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Intertemporal evaluation criteria for climate change policy: the basic ethical issues

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  • Buchholz, Wolfgang
  • Schymura, Michael

Abstract

The evaluation of long-term effects of climate change in cost-benefit analysis has a long tradition in environmental economics. Since the publication of the Stern Review in 2006 the debate about the 'appropriate' discounting of future welfare and utility levels was revived and the most renowned scholars of the profession participated in this debate. But it seems that some contributions dealing with the Stern Review and the Review itself mixed up normative and positive issues to defend the own position. Furthermore, as we argue in this contribution, it also seems that the debate misses the heart of the problem. The aim of this work is to bring together economic and philosophical reasoning about justice and intergenerational equity in the context of climate change. So we adopt the normative view in order to present the most important ethical issues that, particularly in the context of climate policy, are most relevant for the choice of intertemporal welfare criteria. Subsequently we explore whether ethical considerations may also be helpful to determine the parameter values (or at least to delimit their range) which, after the choice of some type of intertemporal social welfare function, are needed to specify the concrete criterion that is employed to make decisions on climate policy.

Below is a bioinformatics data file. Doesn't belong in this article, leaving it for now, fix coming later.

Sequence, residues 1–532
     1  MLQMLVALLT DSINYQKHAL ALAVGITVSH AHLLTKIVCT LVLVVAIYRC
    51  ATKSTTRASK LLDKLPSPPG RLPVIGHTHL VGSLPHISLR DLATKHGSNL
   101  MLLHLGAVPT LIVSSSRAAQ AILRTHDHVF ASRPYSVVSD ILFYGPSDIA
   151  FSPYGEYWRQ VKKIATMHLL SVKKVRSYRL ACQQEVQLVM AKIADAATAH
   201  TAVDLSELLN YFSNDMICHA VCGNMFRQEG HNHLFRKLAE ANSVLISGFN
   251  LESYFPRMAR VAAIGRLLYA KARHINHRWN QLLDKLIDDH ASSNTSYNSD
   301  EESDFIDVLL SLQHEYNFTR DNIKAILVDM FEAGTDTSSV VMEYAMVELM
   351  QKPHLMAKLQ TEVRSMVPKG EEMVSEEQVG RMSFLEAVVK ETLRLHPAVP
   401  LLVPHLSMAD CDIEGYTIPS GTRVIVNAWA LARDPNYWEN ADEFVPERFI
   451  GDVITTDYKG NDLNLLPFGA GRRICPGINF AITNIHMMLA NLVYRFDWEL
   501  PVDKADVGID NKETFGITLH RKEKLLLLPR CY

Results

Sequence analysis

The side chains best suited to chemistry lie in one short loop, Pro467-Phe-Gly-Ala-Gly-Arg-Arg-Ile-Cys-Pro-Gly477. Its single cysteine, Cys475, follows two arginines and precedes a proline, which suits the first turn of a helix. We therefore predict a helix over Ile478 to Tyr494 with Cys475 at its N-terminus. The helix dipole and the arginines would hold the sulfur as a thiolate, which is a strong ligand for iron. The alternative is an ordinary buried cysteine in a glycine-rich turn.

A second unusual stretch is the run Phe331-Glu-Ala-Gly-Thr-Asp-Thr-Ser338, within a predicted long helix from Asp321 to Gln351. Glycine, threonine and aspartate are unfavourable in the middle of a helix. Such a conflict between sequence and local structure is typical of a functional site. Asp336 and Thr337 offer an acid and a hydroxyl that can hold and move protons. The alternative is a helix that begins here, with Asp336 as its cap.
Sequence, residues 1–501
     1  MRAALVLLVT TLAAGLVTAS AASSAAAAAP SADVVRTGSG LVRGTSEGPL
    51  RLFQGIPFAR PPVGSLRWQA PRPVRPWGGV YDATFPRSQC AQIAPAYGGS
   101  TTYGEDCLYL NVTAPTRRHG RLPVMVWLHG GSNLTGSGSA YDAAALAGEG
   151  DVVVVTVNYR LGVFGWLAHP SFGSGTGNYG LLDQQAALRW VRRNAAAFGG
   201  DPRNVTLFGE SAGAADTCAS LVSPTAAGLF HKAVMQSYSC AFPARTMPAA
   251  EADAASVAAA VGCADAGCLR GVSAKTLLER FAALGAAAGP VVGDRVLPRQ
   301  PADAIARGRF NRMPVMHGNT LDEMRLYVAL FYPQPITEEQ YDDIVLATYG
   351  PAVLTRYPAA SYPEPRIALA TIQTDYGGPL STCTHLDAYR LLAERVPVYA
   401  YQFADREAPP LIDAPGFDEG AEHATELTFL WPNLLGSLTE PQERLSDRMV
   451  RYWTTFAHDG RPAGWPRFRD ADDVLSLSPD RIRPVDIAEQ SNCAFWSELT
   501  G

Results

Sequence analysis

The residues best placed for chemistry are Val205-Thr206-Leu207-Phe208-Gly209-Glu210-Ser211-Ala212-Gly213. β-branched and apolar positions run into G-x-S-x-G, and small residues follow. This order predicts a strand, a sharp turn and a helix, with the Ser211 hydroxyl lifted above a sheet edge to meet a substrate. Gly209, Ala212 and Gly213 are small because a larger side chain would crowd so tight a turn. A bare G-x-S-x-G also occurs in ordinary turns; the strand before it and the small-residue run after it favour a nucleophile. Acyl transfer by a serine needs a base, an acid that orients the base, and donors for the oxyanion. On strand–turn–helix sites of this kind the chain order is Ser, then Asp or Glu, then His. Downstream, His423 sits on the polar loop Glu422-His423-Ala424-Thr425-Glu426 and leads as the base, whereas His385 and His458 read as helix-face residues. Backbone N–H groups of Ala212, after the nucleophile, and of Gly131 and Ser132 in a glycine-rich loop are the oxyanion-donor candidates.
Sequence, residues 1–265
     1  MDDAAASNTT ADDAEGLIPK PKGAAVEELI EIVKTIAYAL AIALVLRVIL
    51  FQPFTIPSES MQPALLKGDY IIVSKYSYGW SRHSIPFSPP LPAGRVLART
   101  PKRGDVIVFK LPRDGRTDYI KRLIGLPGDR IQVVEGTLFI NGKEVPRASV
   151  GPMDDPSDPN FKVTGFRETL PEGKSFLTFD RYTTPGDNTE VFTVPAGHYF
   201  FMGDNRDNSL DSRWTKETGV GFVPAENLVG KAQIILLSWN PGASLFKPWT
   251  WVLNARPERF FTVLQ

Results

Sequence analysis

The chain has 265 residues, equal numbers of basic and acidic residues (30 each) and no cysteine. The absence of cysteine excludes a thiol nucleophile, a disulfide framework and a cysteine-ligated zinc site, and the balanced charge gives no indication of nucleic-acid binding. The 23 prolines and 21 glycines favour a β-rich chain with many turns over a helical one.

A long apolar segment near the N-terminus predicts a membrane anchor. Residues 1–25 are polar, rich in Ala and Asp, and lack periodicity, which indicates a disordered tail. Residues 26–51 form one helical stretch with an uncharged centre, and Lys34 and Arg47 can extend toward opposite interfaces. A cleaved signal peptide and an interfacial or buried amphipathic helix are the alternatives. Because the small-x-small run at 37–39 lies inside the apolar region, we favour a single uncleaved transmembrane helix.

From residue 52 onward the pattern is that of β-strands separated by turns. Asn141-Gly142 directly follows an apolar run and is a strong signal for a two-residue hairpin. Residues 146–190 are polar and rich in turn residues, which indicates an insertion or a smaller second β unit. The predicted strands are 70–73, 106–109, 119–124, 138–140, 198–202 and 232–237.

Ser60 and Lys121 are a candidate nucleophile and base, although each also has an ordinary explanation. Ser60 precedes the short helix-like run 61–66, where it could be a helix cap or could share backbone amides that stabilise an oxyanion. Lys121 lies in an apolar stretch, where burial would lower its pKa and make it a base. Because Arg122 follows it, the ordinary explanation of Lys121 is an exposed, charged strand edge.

Suggested Citation

  • Buchholz, Wolfgang & Schymura, Michael, 2011. "Intertemporal evaluation criteria for climate change policy: the basic ethical issues," ZEW Discussion Papers 11-031, ZEW - Leibniz Centre for European Economic Research.
  • Handle: RePEc:zbw:zewdip:11031
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    File URL: https://www.econstor.eu/bitstream/10419/45490/1/657571547.pdf
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    1. repec:eee:ecolec:v:146:y:2018:i:c:p:520-535 is not listed on IDEAS

    More about this item

    Keywords

    Intertemporal ethics; Distribution; Discounting; Climate Change;

    JEL classification:

    • Q53 - Agricultural and Natural Resource Economics; Environmental and Ecological Economics - - Environmental Economics - - - Air Pollution; Water Pollution; Noise; Hazardous Waste; Solid Waste; Recycling

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